SPONSORED:

Senate Democrats urge Google to improve ad policies to combat election disinformation

Senate Democrats urge Google to improve ad policies to combat election disinformation
© Bonnie Cash

Senate Democrats on Monday urged Google to improve its ad policies regarding election disinformation and voter suppression, accusing the company of failing even to enforce its own “inadequate” policy. 

Sens. Amy KlobucharAmy Klobuchar Klobuchar offers tribute to her father, who died Wednesday The Hill's Morning Report - Presented by Facebook - Cheney poised to be ousted; Biden to host big meeting Senate panel deadlocks in vote on sweeping elections bill MORE (D-Minn.) and Mark WarnerMark Robert WarnerBiden signs executive order to improve federal cybersecurity Overnight Defense: Former Pentagon chief to testify about Capitol riot Wednesday | Senate Intelligence chairman wants Biden to review US Space Command move Wyden: Funding infrastructure with gas tax hike a 'big mistake' MORE (D-Va.) led the group of 11 senators in a letter that called on the tech giant to strengthen the enforcement of its policies regarding election-related disinformation, including rejecting all ads spreading election disinformation and stopping ad services on websites that spread false information. 

“Google continues to operate with a narrow and incomprehensive political ads policy that has major loopholes. It is also failing to enforce even this inadequate policy,” the senators wrote. “As a result, the company is profiting from ads that spread voting and election disinformation and helping disinformation sites profit from their lies. Our democracy deserves better.”

ADVERTISEMENT

Google’s ad policy prohibits “making demonstrably false claims that could significantly undermine participation or trust in an electoral or democratic process,” according to a company update from last year. The update states that it is against the company’s policies for “any advertiser to make a false claim — whether it’s a claim about the price of a chair or a claim that you can vote by text message.”

Despite Google’s policy, the senators cited a study published by The Global Disinformation Index (GDI) in October that found Google services ads on 145 out of 200 websites GDI examines that publish disinformation. 

The letter also cites a report from the Center for Countering Digital Hate (CCDH) that found Google has placed ads on websites publishing disinformation that aimed at undermining elections. CCDH estimated that through placing ads on six websites publishing election disinformation, Google made about $1.6 million in annual revenue.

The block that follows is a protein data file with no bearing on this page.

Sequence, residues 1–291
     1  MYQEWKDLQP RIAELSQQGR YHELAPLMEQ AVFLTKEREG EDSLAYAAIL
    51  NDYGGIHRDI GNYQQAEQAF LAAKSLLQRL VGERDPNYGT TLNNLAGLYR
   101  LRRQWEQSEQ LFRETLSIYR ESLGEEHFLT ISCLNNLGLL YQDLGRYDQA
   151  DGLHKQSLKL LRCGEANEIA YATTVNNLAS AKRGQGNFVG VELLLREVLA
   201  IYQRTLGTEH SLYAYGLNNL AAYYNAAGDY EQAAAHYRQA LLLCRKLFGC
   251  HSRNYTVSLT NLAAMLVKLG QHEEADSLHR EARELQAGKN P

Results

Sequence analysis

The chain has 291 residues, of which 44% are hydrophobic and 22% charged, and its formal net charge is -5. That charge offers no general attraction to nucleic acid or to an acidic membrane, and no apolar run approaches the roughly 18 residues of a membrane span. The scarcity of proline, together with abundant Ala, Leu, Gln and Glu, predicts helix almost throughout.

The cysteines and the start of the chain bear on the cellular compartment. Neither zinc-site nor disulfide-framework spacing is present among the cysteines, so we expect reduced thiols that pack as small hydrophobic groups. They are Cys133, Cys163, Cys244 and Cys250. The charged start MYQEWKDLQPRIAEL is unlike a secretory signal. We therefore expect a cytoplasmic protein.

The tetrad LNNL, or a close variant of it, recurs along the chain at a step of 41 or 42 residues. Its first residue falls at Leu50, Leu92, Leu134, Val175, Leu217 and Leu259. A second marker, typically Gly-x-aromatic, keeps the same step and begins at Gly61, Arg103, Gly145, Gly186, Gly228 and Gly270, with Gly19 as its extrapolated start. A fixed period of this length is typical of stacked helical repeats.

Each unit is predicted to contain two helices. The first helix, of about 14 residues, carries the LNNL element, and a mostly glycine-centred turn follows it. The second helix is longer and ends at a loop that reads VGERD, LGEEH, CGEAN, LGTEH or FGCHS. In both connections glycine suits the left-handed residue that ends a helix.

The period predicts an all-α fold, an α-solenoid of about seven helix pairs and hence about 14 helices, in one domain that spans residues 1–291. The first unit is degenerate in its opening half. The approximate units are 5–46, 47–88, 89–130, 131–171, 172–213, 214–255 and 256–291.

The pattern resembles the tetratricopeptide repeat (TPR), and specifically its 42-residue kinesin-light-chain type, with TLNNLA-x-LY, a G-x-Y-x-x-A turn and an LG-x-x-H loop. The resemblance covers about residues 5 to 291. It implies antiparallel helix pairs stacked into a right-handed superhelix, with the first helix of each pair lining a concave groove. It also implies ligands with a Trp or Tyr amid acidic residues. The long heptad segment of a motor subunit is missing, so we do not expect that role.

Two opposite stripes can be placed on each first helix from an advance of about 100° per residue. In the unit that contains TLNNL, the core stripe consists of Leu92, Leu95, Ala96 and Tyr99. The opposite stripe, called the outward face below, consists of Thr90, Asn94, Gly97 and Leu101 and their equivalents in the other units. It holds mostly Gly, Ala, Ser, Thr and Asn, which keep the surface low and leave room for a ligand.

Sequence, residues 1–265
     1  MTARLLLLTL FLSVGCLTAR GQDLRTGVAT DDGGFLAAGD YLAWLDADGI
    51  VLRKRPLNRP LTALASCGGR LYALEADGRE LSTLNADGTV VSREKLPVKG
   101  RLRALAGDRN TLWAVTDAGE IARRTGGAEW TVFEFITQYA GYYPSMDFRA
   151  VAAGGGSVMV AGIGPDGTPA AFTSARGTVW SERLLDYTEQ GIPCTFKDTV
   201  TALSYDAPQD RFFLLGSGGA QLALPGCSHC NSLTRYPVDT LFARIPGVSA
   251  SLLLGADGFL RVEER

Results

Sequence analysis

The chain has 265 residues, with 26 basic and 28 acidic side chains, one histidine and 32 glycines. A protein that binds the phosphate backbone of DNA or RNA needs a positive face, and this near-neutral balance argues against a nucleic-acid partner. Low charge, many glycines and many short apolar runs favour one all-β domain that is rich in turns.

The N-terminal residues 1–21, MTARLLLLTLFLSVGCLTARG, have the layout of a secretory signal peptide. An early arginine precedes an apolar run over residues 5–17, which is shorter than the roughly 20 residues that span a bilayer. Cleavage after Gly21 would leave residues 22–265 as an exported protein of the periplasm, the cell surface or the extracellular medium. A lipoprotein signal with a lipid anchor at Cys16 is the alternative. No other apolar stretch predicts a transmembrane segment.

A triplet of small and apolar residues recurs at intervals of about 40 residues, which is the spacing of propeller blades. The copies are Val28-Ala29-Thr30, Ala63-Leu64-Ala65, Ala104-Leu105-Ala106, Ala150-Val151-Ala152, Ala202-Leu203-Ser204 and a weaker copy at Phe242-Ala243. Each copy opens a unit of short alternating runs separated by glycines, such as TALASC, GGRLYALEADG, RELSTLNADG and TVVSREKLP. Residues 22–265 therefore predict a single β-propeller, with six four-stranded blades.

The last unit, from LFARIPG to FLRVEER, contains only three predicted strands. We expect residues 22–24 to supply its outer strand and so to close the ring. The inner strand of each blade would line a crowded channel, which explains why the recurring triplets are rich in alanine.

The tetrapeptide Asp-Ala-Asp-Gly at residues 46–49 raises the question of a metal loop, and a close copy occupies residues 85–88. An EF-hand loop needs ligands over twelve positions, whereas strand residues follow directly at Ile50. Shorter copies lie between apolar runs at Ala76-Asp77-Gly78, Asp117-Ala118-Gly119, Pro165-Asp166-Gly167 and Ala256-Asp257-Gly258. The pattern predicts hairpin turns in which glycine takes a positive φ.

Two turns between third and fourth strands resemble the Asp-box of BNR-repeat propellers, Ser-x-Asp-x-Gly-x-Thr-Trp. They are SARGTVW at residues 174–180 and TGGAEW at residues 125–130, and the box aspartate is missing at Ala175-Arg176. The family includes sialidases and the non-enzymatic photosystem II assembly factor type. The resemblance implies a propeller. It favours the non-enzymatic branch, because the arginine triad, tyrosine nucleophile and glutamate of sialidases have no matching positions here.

The senators also questioned Google over its reported refusal to remove ads that promoted false information about mail-in ballots in battleground states, including Arizona and Georgia. 

The letter sent Monday is the latest action taken by lawmakers in calling for tech giants to clamp down on disinformation on their platforms. Democrats have long been urging Google, as well as social media giants Facebook and Twitter, to take further action to mitigate the spread of disinformation on their platforms. 

Monday’s letter was also signed by Democratic Sens. Jeanne ShaheenCynthia (Jeanne) Jeanne ShaheenArmy secretary nominee concerned about 'unreasonable or unhelpful demands' on National Guard DC statehood bill picks up Senate holdout US is leaving, but Afghan women to fight on for freedoms MORE (N.H.), Richard Blumenthal (Conn.), Tammy BaldwinTammy Suzanne BaldwinSenate Democrats offer bill to scrap tax break for investment managers Senate Democrats push Biden over raising refugee cap House Dems to unveil drug pricing measure ahead of Biden package MORE (Wis.), Mazie HironoMazie Keiko HironoMore than 75 Asian, LGBTQ groups oppose anti-Asian crime bill Biden-McConnell cold war unlikely to end at White House If you want Julie Su at the DOL, don't point to her resume MORE (Hawaii), Chris CoonsChris Andrew CoonsBiden to go one-on-one with Manchin US, Iran signal possible breakthroughs in nuke talks How the United States can pass Civics 101 MORE (Del.), Jack ReedJack ReedBiden officials testify that white supremacists are greatest domestic security threat Overnight Defense: US fires 30 warning shots at Iranian boats | Kabul attack heightens fears of Afghan women's fates | Democratic Party leaders push Biden on rejoining Iran deal Overnight Defense: Former Navy secretary reportedly spent .4M on travel | Ex-Pentagon chief Miller to testify on Jan. 6 Capitol attack | Austin to deliver West Point commencement speech MORE (R.I.), Dianne FeinsteinDianne Emiel FeinsteinIf you want Julie Su at the DOL, don't point to her resume Senate Democrats push Biden over raising refugee cap Lawmakers react to guilty verdict in Chauvin murder trial: 'Our work is far from done' MORE (Calif.) and Cory BookerCory BookerPolice reform talks hit familiar stumbling block Almost 20 advocacy groups team up to pressure Congress to pass health care bill for immigrants Biden adds pressure to congressional talks with self-imposed deadlines MORE (N.J.), as well as Sen. Angus KingAngus KingDC statehood bill picks up Senate holdout Senate panel deadlocks in vote on sweeping elections bill Senate descends into hours-long fight over elections bill MORE (I-Maine). 

A spokesperson for Google was not immediately available for comment.